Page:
In a recent announcement on his social media platform, X (formerly Twitter), tech mogul Elon Musk revealed that his company, Neuralink, has achieved a significant milestone by successfully implanting one of its wireless brain chips in a human. According to Musk, the patient is showing “promising” brain activity after the procedure and is reportedly “recovering well.”
Neuralink’s ambitious goal is to connect human brains to computers to address complex neurological conditions. Musk’s announcement places Neuralink among a select group of companies that have accomplished human brain chip implantation, marking a noteworthy advancement in the field.
Professor Anne Vanhoestenberghe from King’s College London acknowledged the significance of this achievement, highlighting that for companies producing medical devices, the first human test is a significant milestone. However, she emphasized the need for caution, noting that the true success of such endeavors can only be evaluated in the long term.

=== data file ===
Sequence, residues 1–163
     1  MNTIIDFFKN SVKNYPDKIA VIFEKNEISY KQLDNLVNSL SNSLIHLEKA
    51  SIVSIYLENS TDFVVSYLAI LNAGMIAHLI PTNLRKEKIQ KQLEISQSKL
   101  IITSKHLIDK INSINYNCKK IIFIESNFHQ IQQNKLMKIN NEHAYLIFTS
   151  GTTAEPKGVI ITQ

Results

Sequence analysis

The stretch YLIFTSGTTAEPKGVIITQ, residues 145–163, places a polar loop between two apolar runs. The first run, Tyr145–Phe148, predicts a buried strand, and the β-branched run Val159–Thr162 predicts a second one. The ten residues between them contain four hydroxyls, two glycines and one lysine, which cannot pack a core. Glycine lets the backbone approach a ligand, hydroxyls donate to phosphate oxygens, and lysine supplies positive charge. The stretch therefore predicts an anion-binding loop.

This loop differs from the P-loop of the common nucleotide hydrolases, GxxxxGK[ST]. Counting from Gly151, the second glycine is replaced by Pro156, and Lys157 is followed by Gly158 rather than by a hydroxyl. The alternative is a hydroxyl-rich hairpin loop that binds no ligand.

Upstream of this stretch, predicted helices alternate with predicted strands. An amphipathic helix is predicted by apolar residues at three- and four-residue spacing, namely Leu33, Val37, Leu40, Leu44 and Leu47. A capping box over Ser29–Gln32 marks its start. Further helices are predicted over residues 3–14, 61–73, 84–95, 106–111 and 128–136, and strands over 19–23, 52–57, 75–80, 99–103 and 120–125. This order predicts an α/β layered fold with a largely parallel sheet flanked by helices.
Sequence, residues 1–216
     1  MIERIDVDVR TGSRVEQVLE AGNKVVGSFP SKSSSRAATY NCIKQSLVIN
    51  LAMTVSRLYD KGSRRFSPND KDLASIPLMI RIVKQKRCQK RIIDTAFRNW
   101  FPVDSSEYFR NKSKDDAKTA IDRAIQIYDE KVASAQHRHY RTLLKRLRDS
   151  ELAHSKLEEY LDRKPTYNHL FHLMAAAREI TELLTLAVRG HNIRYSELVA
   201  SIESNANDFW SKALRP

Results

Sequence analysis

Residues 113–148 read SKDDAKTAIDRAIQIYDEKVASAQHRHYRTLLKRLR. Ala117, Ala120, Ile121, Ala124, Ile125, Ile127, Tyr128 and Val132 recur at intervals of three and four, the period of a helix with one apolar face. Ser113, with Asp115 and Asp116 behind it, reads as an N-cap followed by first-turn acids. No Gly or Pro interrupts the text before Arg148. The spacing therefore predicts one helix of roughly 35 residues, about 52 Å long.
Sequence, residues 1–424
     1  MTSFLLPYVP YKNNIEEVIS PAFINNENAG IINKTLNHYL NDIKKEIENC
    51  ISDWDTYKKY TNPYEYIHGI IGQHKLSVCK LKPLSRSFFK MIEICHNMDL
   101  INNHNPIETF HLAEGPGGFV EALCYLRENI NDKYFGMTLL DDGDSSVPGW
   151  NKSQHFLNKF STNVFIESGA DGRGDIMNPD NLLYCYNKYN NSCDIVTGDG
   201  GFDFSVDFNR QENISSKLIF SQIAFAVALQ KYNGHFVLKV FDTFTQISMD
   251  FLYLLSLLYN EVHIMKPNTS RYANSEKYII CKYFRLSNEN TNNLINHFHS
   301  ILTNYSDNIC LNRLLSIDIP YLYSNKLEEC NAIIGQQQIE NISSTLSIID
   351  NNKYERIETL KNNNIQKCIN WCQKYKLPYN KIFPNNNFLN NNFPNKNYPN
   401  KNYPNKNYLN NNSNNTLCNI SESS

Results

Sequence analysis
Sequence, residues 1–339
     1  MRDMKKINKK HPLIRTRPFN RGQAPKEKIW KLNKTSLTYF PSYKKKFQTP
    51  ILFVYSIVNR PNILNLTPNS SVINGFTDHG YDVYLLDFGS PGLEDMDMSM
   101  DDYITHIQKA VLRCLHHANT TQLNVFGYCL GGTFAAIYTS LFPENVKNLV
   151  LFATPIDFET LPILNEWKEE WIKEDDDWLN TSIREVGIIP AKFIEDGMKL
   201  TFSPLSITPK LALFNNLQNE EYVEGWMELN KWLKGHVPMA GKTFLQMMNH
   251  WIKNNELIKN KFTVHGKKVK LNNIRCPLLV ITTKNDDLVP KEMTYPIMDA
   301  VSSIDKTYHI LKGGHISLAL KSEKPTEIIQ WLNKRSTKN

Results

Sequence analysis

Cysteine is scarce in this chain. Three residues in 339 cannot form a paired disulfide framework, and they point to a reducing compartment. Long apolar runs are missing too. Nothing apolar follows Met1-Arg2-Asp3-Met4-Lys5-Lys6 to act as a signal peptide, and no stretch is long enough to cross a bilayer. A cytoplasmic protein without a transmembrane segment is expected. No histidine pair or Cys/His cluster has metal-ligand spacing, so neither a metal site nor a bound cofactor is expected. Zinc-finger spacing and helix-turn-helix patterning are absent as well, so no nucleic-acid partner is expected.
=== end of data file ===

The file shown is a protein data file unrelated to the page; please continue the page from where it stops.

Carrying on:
While Musk’s claim has garnered attention, there has been no independent verification, and Neuralink has not provided detailed information about the implantation procedure. BBC News has reached out to Neuralink and the US Food and Drug Administration (FDA) for comment.
Notably, Neuralink has faced criticism in the past, with reports of animal testing resulting in the deaths of approximately 1,500 animals. The FDA granted permission for human testing in May 2023, allowing Neuralink to conduct a six-year study involving the surgical placement of 64 flexible threads onto a part of the brain controlling “movement intention.” These threads facilitate the recording and wireless transmission of brain signals to an app that decodes the user’s intended movements.
Musk also revealed Neuralink’s first product, named “Telepathy,” which aims to enable control of devices, including phones and computers, through thought. Initial users are expected to be individuals who have lost the use of their limbs. Musk envisions Telepathy offering improved communication for individuals with conditions like motor neurone disease, citing the late Stephen Hawking as an example.
While Musk’s involvement has brought attention to Neuralink, other companies in the brain-computer interface space, such as Blackrock Neurotech and Precision Neuroscience, have notable track records dating back two decades. The future of brain-computer interfaces holds potential for transformative medical advances, though widespread availability may still be years away.